Thread net

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The term “ thread net” or reticle of a measuring or other telescope is understood to mean the glass plate with fine lines attached to the inner side of the eyepiece .

Thread network of a leveling device
Reticle (as a reticle ) for distance determination in a military binoculars. With the graticule the number of lines of a known distance (height, width, side distance) in the terrain is measured and the distance to the object is determined with the help of a simple calculation formula.

They are used to estimate or measure small angles and are either delicately engraved or photographically exposed on the glass .

The simplest case of a reticle is the crosshair . The micrometer , a particularly close-meshed graticule, enables precise angle or distance measurement and is mainly used in astrometry and microscopy. For astronomical instruments there were simple versions as early as 1700, for microscopes in the 19th century.

If you place the crosshairs of a theodolite on an object, its horizontal and elevation angles can be measured simultaneously. The separate setting is somewhat more precise ( approx. 1 " at 30x magnification ).


The reticle is located in the inner (object-side) focal point of the eyepiece and therefore appears sharp to the normal eye . For farsightedness or nearsightedness, there is a diopter compensation .

In focusing the telescope to infinity (de facto from several kilometers), the glass plate in the focus of is objective . If the viewed object is closer, the telescope is extended by an extendable tube or an inner focusing lens is moved.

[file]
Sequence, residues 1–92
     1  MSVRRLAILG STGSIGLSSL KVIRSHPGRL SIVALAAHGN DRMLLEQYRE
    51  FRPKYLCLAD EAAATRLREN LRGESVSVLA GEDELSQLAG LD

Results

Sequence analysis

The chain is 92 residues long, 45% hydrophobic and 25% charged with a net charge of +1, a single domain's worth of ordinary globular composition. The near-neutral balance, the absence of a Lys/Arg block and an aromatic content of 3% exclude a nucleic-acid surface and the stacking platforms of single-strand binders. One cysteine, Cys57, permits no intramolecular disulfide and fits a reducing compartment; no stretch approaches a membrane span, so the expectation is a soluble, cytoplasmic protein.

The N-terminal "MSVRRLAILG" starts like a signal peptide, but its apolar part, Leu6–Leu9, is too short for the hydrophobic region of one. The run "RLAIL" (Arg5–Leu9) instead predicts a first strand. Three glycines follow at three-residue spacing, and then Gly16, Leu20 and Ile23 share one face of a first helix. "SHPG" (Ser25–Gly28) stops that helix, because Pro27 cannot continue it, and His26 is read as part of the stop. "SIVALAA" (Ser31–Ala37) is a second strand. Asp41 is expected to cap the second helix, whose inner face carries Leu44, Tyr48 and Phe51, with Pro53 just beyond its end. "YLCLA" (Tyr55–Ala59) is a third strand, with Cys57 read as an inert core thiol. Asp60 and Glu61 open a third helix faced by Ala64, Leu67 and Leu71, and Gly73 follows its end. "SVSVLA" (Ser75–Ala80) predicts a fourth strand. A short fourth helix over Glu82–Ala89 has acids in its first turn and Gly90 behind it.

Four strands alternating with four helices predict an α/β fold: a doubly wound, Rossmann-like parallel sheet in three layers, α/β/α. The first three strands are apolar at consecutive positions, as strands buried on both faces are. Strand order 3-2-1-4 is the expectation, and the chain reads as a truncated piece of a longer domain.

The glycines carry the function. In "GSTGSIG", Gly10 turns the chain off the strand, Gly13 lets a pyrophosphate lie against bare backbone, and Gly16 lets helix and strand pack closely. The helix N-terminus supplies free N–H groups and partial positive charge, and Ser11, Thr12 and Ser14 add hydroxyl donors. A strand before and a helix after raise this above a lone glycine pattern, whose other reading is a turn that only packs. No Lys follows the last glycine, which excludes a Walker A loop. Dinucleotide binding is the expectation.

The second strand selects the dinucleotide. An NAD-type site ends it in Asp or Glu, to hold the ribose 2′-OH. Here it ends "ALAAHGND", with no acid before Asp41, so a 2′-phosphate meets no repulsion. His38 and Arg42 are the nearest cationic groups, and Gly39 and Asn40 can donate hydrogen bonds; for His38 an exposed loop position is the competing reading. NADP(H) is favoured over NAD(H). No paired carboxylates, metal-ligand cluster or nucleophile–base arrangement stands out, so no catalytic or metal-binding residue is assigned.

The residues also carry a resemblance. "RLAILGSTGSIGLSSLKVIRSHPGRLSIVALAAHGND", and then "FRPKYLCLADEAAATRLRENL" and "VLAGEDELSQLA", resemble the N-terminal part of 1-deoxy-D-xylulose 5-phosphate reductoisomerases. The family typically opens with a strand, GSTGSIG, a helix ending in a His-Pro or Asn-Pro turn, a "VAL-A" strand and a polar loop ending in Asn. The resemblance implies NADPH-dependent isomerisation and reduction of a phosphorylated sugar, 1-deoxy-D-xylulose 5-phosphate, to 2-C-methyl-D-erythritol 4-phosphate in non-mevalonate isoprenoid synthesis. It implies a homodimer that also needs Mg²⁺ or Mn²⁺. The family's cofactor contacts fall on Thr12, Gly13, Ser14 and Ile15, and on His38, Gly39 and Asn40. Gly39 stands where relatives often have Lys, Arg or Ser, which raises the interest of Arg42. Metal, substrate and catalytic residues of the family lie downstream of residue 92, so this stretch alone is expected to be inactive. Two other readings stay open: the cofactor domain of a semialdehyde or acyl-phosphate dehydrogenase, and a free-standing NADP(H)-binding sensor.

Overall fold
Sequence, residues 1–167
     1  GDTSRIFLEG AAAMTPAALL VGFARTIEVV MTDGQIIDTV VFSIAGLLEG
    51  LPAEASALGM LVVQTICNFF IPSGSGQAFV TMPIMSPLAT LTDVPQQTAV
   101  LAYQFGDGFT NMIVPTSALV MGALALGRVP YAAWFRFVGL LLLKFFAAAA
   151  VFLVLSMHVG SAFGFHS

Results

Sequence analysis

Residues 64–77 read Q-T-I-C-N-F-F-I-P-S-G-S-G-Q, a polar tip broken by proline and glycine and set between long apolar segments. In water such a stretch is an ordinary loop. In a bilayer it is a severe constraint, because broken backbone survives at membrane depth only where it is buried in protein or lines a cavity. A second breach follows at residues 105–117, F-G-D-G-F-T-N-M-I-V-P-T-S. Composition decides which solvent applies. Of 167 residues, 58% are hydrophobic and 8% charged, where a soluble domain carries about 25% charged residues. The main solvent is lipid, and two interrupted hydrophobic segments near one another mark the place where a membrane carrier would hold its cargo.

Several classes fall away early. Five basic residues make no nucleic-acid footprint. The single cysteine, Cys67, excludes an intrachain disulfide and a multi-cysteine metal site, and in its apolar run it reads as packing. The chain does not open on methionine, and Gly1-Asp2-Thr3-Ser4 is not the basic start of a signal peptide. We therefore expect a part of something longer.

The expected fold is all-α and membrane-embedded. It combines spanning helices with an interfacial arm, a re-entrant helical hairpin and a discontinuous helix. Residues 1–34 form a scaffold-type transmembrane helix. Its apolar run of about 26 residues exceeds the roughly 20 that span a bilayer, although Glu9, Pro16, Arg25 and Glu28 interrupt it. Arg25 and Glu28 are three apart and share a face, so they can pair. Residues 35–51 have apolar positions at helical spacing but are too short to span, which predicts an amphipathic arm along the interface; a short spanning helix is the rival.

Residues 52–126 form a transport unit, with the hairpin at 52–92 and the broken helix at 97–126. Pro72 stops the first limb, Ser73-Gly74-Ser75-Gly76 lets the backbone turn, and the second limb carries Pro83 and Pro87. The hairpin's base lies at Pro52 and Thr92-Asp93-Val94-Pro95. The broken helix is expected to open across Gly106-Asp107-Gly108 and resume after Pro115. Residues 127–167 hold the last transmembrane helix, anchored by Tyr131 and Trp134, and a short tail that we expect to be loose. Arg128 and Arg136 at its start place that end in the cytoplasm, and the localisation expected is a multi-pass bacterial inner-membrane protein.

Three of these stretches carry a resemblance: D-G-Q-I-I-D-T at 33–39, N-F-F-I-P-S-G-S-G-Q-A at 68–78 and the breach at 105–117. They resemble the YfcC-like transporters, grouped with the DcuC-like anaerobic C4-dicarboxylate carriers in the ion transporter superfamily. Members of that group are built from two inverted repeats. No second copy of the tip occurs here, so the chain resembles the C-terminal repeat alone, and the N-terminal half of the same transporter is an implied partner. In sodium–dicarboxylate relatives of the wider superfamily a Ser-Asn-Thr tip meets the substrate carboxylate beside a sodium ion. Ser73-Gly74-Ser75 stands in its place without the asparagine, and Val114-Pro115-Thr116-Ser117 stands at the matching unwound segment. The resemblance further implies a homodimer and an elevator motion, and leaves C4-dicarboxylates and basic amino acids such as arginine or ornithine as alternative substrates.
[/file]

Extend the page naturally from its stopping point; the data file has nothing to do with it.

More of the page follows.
The reticle can consist of a few lines or a whole thread network. The latter is common in astronomy and astrometry in order to achieve greater accuracy in position or time measurement .


As a rule, simpler thread networks are used in geodesy ; usually the more important vertical thread is half double and one half. The double thread is about 20 "apart and is suitable for measuring many targets:

Military telescopes

The so-called reticles often have lines or a network of threads in line division (~ 6283 ≙ 2π * 1000 lines are 360 ​​°). The distance is calculated as follows:

Distance = 1000 × size of the object / number of lines that the object fills in the binoculars.

Example: a car (length approx. 6 meters) covers 12 lines.

1000 × 6 m / 12 = 500 m (distance observer - car).

This memorable phrase is often taught to prospective soldiers:

"A thousand times the target width - divided by a line - gives the width"

Marine glasses

Reflections in the marine glass

As a reticle, these often have a vertical and a horizontal reticle, these are used to determine the distance, vertical line graduation results in: Distance = (object size / number of lines) × 100.

Special feature of the horizontal lines: These show half a step size, as the object is taken in the middle and the line size is read on one side. The division of lines is divided into degrees, so that the distance = (object size / number of lines) × (360 / 2π) = (object size / number of lines) × 57.32 is calculated using the radian measure.

A compass is displayed in many glasses.

See also

Web links

Commons : Thread network  - collection of images, videos and audio files